With each prenatal care visit, new parents, Cali and Zreston, grew more excited to meet their baby. At a 20-week ultrasound visit, their excitement turned to concern when they learned their baby girl had gastroschisis, a birth defect that would require immediate medical attention after delivery. In need of a plan, they turned to staff at Akron Children’s Maternal Fetal Medicine (MFM) to help them prepare for their daughter’s arrival.
“As soon as I learned she had gastroschisis, I was put in touch with the MFM team at Akron Children’s,” said Cali Chaffin, Kaphila’s mom. “They met with us to explain the condition, the care needed right after delivery and what her needs would be after surgery… I felt comforted knowing we were going to be in good hands.”
Gastroschisis is a relatively rare condition where the intestines stick out through a hole in the baby’s belly wall near the umbilical cord. It develops early in pregnancy due to a weakness in the baby’s abdominal wall muscles. Since the intestines aren’t protected during pregnancy, they are exposed to the amniotic fluid so they can become irritated, causing them to shorten, twist, or swell as the baby grows.
Part of Kaphila’s care plan included regular visits with her mom’s obstetrician and with the MFM team at Akron Children’s, where they monitored her development via ultrasound and made sure mom was prepared for delivery.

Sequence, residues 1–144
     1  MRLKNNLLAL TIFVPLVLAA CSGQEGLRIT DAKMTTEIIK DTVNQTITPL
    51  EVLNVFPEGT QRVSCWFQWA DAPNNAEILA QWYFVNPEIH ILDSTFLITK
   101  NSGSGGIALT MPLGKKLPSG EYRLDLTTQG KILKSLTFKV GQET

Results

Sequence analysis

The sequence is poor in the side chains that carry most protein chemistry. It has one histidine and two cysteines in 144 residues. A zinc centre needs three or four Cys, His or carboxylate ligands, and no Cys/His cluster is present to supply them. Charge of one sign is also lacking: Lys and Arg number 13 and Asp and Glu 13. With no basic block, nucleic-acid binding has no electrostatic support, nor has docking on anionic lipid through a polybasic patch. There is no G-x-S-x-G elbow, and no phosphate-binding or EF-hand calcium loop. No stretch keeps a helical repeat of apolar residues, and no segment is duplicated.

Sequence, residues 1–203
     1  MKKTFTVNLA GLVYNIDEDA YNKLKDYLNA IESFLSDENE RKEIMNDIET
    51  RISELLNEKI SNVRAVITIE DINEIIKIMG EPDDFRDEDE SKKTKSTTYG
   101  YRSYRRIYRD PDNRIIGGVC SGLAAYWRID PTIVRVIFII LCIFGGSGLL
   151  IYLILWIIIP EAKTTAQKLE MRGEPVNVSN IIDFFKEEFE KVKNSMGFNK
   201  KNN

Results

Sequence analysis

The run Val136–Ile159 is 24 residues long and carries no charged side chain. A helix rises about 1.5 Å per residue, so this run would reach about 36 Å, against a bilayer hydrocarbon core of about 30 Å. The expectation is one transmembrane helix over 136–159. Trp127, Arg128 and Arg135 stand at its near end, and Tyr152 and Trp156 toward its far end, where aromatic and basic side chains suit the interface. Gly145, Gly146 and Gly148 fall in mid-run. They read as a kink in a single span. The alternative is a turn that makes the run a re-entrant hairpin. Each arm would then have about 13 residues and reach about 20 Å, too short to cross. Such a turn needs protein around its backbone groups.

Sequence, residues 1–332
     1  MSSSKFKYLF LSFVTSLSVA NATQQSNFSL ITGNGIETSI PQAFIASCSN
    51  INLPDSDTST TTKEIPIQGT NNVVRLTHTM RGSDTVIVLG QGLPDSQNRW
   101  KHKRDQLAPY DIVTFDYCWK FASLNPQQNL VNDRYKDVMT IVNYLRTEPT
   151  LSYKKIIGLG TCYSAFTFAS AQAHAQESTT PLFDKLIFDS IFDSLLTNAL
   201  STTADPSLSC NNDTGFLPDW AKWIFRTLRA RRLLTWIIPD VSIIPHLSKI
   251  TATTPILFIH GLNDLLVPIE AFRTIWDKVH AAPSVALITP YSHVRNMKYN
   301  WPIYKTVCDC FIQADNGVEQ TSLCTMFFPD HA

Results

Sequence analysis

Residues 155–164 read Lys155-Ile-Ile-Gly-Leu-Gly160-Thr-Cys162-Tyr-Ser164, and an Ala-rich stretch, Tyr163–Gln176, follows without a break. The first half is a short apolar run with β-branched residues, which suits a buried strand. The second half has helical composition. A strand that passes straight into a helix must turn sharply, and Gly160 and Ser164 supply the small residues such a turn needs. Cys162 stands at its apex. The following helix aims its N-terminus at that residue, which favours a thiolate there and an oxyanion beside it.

On June 14, Kaphila was born with all of her bowels, bladder, stomach and fallopian tubes outside of her body, and her care team was ready to execute the plan.
Kaphila’s parents live about 40 minutes from Akron, but they chose to deliver at a hospital close to Akron Children’s where her care team would be waiting. After spending a quick moment with Kaphila after delivery, she was transported to Akron Children’s NICU where staff would close her abdominal wall and return organs to her abdomen.
“When Kaphila arrived, doctors placed a silo over her organs to allow gravity to pull them back in on their own as they shrank to normal size. It also let her lungs and diaphragm settle in naturally to make sure it wasn’t hard for her to breathe,” said Cali. “After about 6 hours, the doctors said she progressed so well that she didn’t need surgery! We were shocked because it usually takes babies about week to do what she did in a few hours.”
Although quick to get her organs in place, Kaphila remains in the NICU to make sure her little system is processing fluids correctly. She started with an IV and moved to bottle-feeds after a month. After a few bumps in the road, Kaphila had to go back on a feeding tube, but is still progressing. Once Kaphila hits all of her milestones – takes larger feedings by mouth, has regular diaper changes and keeps gaining weight – she will graduate from the NICU and go home for the first time.
“Akron Children’s has been fantastic…We were worried about how to hold her at first because she had so many stickers on her chest with IVs, tubes and wires, but they encouraged us to care for her as we would if she were at home,” said Cali. “The nurses treat us like we’re family and always make us feel comfortable, which we appreciate. I know it’s not their job to worry about us, but they do, and we are thankful for their kindness and the care they provide our baby.”
If your baby has been diagnosed with gastroschisis during pregnancy, ask your provider for information about Akron Children’s Maternal Fetal Medicine team who can put a care plan in place for your baby.